UK manufacturing output posted an unexpected fall in April, raising the risk of a longer recession.
The Bank of England shied away from injecting more cash into the struggling economy last week, but this week central banker Adam Posen called for further purchases of assets, focusing on loans to small and medium-sized companies.
Britain is still suffering from a slump that followed the 2007-2009 financial crisis and slipped back into recession around the turn of the year.
With the euro zone crisis hitting exports and making companies reluctant to invest and hire, economists fear another quarter of contraction.
The National Institute of Economic Research, a leading think-tank, estimates the economy eked out 0.1 per cent growth in the three months ending in May, but an extra public holiday in June could wipe out any slight increase in quarterly output.
Manufacturing output dropped 0.7 per cent in April after a 0.9 per cent rise in March, the Office for National Statistics said this week, disappointing hopes for an unchanged reading.
The wider reading of industrial output, which includes energy production and mining, was unchanged in April after a 0.3 per cent drop in March, but also below forecasts.
"Given that the euro zone crisis has intensified since April and recent manufacturing surveys have been very weak, it seems likely that the industrial sector will remain a drag on overall GDP growth for some time to come," said Samuel Tombs, economist at Capital Economics.
Adding to a gloomy picture, the outlook for the British housing market worsened as the euro zone crisis deepened and sales took a temporary hit from the expiry of a tax holiday, while growth in permanent job placements slowed in May and employers said they expected to take on fewer new staff in the months ahead.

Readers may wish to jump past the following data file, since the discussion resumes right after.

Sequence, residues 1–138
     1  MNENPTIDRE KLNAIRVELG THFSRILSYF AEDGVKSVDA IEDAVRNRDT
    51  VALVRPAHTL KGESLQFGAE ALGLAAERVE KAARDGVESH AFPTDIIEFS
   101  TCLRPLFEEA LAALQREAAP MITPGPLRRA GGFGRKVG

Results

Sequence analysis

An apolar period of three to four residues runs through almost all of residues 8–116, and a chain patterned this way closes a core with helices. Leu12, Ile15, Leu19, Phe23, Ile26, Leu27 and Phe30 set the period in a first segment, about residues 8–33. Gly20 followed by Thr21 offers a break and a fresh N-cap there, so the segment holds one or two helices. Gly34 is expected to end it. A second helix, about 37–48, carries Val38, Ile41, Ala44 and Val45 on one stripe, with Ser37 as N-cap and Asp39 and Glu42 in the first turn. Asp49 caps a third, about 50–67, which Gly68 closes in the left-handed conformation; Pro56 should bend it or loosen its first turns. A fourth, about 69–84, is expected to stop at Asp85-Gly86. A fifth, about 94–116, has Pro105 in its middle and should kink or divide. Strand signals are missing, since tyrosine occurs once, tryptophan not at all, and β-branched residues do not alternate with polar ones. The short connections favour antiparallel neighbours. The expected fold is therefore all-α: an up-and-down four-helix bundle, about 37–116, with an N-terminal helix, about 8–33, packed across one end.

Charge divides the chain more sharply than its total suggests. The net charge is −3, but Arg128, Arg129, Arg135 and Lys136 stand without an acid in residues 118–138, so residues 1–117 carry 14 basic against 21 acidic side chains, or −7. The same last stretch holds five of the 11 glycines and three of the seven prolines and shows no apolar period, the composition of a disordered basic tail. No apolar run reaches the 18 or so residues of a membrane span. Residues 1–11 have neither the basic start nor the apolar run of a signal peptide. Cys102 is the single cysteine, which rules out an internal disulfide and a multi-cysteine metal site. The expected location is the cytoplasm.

In another reminder of how closely Britain's economic fortunes are linked with those of continental Europe, the Society of Motor Manufacturers and Car Traders said the country could produce a record 2 million vehicles in 2015 provided demand from the euro zone held up.
Finance minister George Osborne warned on Sunday the crisis in the euro zone was killing off the recovery in Britain, and even members of his own Conservative party have called on him to take stronger action to boost growth.
But Osborne's hands are tied by his pledge to erase the country's huge budget deficit, which is still around 8 per cent of GDP, although the coalition government has promised to come up with further steps to unlock infrastructure spending.
Hopes of an early end to the recession had already been dented by a PMI survey showing the manufacturing sector shrank at its fastest pace in three years in May as orders nosedived.
The surprise drop had triggered speculation the central bank would restart its asset purchases, but the BoE held back as concerns over high inflation outweighed growth worries.
"The thing the BoE can do something about is the weak underlying manufacturing activity," said Alan Clarke, economist at Scotiabank.
"That was worryingly weak even before the manufacturing PMI fell off a cliff," he said. "We should brace for a bit more weakness in the months ahead."
Industrial output was dragged down in April by a drop in the manufacturing of basic pharmaceutical products and preparations, as well as in the category of other manufacturing and repair.
A 13.6 per cent monthly jump in electricity and gas output during the coldest April since 1989 was offset by a 6.4 per cent fall in oil and gas extraction as a North Sea platform was closed after a gas leak.